Entry Requirements (not applicable to Visiting Students)
Pre-requisites Students MUST have passed: Introduction to Politics and International Relations (PLIT08004) OR Politics in a Changing World: An Introduction for non-specialists (PLIT08012) OR Politics and International Relations 1A: Concepts and Debates (PLIT08017)
Prohibited Combinations Other requirements Students who lack the compulsory pre-requisites but have completed comparable courses should contact the Course Organiser to confirm if they are eligible to take this course.
Information for Visiting Students
Pre-requisites Visiting students should have at least 4 Politics/International Relations courses at grade B or above (or be predicted to obtain this). We will only consider University/College level courses.

** as numbers are limited, visiting students should contact the Visiting Student Office directly for admission to this course **
High Demand Course? Yes
Course Delivery Information
Academic year 2024/25, Available to all students (SV1) Quota:  0
Course Start Semester 1
Timetable Timetable
Learning and Teaching activities (Further Info) Total Hours: 200 ( Lecture Hours 10, Seminar/Tutorial Hours 10, Programme Level Learning and Teaching Hours 4, Directed Learning and Independent Learning Hours 176 )
Assessment (Further Info) Written Exam 40 %, Coursework 40 %, Practical Exam 20 %
Additional Information (Assessment) 40% essay 1,
40% essay 2,
10% group presentation,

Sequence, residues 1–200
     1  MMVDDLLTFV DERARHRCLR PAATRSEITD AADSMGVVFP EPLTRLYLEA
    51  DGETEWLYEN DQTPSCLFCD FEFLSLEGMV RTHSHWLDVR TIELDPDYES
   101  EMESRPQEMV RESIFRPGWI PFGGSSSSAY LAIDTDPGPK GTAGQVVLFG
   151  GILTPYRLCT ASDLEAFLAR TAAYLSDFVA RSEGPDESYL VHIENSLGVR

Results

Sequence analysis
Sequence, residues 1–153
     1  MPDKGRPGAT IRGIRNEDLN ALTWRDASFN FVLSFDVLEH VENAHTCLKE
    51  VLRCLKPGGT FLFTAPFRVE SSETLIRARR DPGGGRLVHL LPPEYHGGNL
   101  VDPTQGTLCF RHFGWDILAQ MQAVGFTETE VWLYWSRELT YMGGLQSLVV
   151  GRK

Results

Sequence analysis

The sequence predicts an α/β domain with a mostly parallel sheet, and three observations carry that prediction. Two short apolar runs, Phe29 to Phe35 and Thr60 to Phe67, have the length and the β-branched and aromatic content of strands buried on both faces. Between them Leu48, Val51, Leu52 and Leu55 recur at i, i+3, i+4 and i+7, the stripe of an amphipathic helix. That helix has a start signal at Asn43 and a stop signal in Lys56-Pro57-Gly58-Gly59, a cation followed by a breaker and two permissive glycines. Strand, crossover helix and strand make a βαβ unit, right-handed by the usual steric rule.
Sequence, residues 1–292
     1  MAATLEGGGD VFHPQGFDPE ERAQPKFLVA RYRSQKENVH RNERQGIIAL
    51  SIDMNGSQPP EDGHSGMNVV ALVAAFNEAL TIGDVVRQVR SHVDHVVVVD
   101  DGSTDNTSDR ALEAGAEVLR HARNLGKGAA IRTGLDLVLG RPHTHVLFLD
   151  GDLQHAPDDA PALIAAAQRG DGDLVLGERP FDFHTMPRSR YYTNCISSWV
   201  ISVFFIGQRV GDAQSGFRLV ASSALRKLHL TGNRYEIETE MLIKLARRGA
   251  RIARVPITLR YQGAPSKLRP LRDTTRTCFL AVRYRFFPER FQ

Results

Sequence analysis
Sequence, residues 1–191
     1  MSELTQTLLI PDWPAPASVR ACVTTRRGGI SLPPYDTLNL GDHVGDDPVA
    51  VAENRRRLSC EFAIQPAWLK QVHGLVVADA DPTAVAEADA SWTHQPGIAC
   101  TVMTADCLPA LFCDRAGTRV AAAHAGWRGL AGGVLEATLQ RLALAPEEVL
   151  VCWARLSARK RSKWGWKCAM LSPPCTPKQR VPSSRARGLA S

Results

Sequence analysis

10% participation (participation will be one mark at end of semester, reading reflections will receive formative feedback)
Feedback Tutorial participation. You will receive regular feedback on your tutorial assessment, including written feedback on your group presentations within two weeks after the presentation. Presentations will consist of: a handout (max 2 pages) and a ppt presentation (or any other format easily accessible to all course participants). The following components of the presentation will be assessed: handout, ppt presentation, presentation delivery style and tutorial discussion leadership.

Provision of written feedback on the essay. Students will be encouraged to consult the course organiser via Guidance and Feedback hours for guidance on essay topics. Essay topics will be designed not to overlap with tutorial presentation topics but reading summaries may be used as preparation for exam questions. The second essay topic is chosen by students in discussion with the course organiser.
No Exam Information
Learning Outcomes
On completion of this course, the student will be able to:
  1. Develop conceptual knowledge of the key institutions and processes in Russian Politics.
  2. Analyse competing analytical and conceptual approaches to Russian Politics.
  3. Evaluate alternative explanations for particular political developments and events in Russia and the CIS.
  4. Develop a personal assessment of the strengths and weaknesses of the Russian political system.
Reading List
Additional Information
Graduate Attributes and Skills Not entered
Special Arrangements This course has a quota. Preference will be given to Politics and IR students.
Additional Class Delivery Information Plus 1 hr tutorial per week
KeywordsNot entered
Course organiserProf Luke March
Tel: (0131 6)50 4241
Course secretaryMiss Karen Leung